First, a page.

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Newport News shipyard union to keep working after rejecting offer, but begins preparing for strike

Newport News shipyard union to keep working after rejecting offer, but begins preparing for strike

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Newport News Shipbuilding’s biggest union will keep working after rejecting a contract offer — but if further negotiations don’t result in an agreement, United Steelworkers Local 8888 is talking about what a strike would involve.

Union leaders outlined strike preparations to members Saturday, including advice on dealing with financial challenges of a walkout, available community resources and the process to be followed and decisions needed for any action, union spokesman Dwight Kirk said.

“The last strike was in ’99 — half the membership wasn’t there then,” he said.

The union and shipyard agreed to a temporary extension of the contract that expired a week ago, and a key to the Saturday meeting was to make sure members understood its terms — including pay, work conditions and rights in any disputes — remain in effect, Kirk said.

The meeting also was a chance for union members to clarify key issues they want addressed in any future contract.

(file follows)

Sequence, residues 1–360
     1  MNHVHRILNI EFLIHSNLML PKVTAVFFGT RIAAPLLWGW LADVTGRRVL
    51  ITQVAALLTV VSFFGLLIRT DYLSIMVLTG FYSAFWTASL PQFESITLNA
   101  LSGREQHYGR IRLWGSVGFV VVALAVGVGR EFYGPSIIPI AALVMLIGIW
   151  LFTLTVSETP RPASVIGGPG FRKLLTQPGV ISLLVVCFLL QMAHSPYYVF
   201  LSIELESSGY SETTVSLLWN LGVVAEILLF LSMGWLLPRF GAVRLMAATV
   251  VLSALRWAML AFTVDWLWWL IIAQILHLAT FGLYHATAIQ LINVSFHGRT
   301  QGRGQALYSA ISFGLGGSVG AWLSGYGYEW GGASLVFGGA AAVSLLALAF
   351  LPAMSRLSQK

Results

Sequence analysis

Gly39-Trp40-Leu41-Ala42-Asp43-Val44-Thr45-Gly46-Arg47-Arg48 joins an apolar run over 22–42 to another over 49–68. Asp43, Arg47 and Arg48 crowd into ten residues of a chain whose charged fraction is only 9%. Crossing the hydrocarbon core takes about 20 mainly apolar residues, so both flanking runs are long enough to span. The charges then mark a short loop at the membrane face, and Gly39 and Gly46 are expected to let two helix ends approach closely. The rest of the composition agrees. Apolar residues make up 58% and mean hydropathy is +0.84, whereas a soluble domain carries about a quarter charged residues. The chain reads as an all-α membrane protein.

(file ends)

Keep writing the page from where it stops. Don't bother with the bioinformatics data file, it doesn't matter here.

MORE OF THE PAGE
Local 8888 members last week rejected a tentative contract agreement by a 1312-684 vote. The rejected deal had a 60-month term, with annual pay increases, a $2,500 bonus and improvements to pension plans.

The union represents more than 10,000 of the shipyard’s 25,000 employees.

The local was recognized in 1979, after a strike that included the violent confrontation between shipbuilders and club-swinging police now remembered by older union members as Bloody Monday.

Since then, however, the union and shipyard negotiated a series of contracts.

There’s been only one other strike, in 1999.

That lasted 17 weeks. It ended when union members accepted a 58-month contract that guaranteed at least two promotions for most workers, raise pay 23 percent and pensions 78 percent.

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